Last updated: 10:00 AM ET, Mon August 17 2015

Dispatch: A Brief But Bountiful Week In Anguilla

Features & Advice | Brian Major | August 17, 2015

Dispatch: A Brief But Bountiful Week In Anguilla

PHOTO: Magnificent beaches are an Anguillan staple. (Photos by Brian Major)

Last week I visited Anguilla, and today it feels like the time I spent there passed very quickly. Yet strangely, while I was there everything seemed to progress in a relaxed, unhurried manner. And it was great.

I should briefly explain that Anguilla is all about small. The tiny eastern Caribbean island encompasses only 35 square miles. There are approximately 13,500 residents. Anguilla has no chain stores or restaurants, no casinos, and (for the most part) no crowds. As one local pointed out, there aren’t even any loud noises anywhere around the island.

Naturally, things tend to unfold slowly on such a small island. Yet within a week I’d seen much of what makes Anguilla special. I traversed scenic cliff-side areas, visited upscale and luxury resorts and villas, and sampled some of the island’s surprisingly numerous fine dining options.

And then there are the beaches. In a region characterized by beautiful beaches, Anguilla’s might offer the Caribbean’s most spectacular examples. The waters are a mesmerizing ribbon of blue spanning shades from cobalt to indigo to turquoise. The soft white sands fall from the touch in a powdery sprinkle, and visitors will invariably find only a handful of other beach-goers at nearly every turn.

Travelers to Anguilla are drawn mainly from the U.S. East Coast, and it’s easy to see why, because the trip is an easy one. After a direct JetBlue flight from New York to St. Maarten, I hopped onto one of the private motorboats offering service directly to Anguilla. After a 25-minute ride, I was passing through the small terminal and customs and immigration desk.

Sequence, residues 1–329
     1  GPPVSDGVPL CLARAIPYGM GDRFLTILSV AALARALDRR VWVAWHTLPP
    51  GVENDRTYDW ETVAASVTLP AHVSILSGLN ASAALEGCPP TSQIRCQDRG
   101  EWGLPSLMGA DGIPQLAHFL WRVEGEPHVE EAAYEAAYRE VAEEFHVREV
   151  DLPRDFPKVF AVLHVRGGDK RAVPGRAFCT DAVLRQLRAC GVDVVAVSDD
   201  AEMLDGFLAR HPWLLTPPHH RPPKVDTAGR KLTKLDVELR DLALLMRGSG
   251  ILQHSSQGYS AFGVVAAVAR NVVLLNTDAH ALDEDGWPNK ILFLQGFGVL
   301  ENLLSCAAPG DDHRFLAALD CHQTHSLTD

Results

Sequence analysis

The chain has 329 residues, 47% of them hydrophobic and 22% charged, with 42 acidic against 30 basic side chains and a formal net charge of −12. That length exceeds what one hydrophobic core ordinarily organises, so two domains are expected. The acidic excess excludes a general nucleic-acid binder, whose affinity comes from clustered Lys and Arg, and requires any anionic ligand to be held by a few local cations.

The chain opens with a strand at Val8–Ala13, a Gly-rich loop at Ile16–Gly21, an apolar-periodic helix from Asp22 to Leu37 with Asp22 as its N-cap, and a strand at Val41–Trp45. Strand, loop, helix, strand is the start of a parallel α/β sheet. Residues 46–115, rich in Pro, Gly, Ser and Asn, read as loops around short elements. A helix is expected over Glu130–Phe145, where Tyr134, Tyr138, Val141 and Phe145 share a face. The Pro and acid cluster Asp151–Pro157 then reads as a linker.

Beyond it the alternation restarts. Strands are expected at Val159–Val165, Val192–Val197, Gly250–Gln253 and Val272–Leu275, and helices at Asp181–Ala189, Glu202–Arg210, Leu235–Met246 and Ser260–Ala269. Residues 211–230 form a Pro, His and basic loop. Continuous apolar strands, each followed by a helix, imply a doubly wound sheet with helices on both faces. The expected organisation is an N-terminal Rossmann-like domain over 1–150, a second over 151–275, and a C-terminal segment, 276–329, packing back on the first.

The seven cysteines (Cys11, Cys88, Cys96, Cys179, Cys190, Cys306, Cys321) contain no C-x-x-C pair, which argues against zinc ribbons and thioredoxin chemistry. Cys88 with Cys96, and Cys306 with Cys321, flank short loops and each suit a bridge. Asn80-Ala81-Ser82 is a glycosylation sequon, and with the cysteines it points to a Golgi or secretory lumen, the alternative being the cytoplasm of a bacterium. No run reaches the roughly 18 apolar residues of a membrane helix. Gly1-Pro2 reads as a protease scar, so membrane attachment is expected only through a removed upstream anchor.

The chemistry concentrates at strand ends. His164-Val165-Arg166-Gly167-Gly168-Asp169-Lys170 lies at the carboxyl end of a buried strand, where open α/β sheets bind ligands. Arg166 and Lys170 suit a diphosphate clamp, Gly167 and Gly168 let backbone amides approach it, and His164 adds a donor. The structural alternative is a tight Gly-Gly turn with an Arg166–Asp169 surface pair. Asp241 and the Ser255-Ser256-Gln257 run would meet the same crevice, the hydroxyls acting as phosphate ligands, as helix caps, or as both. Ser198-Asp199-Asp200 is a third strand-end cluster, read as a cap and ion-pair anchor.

The process took only a few minutes, and from there I embarked directly to Tasty’s via a 15-minute drive from the dock. One of the island’s signature eateries, the family-run restaurant is owned by an Anguillan chef, Dale Carty, who trained under chefs at the Malliouhana Hotel, one of Anguilla’s signature upscale properties. Since then Tasty’s has been featured in Bon Apetit and Gourmet magazines.

Carty’s marinated conch salad and coconut-crusted fish are his specialties, but the chef prides himself on secret sauces and seasonings. I settled down to my personal Caribbean favorite, baked chicken with peas and rice, this time topped by one of the special sauces. Color me satisfied.

From there, I checked into villa number four at Ce Blue Villas. Built on the crest of a hill overlooking Crocus Bay, the property offers magnificent daytime and sunset views of Anguilla’s northwestern coast.

One of a handful of luxury villa properties on Anguilla, Ce Blue is easily among the best. The property’s “hybrid-luxury experience” combines the intimate service and seclusion of a private villa vacation with activities, dining and options affiliated with full-service resorts.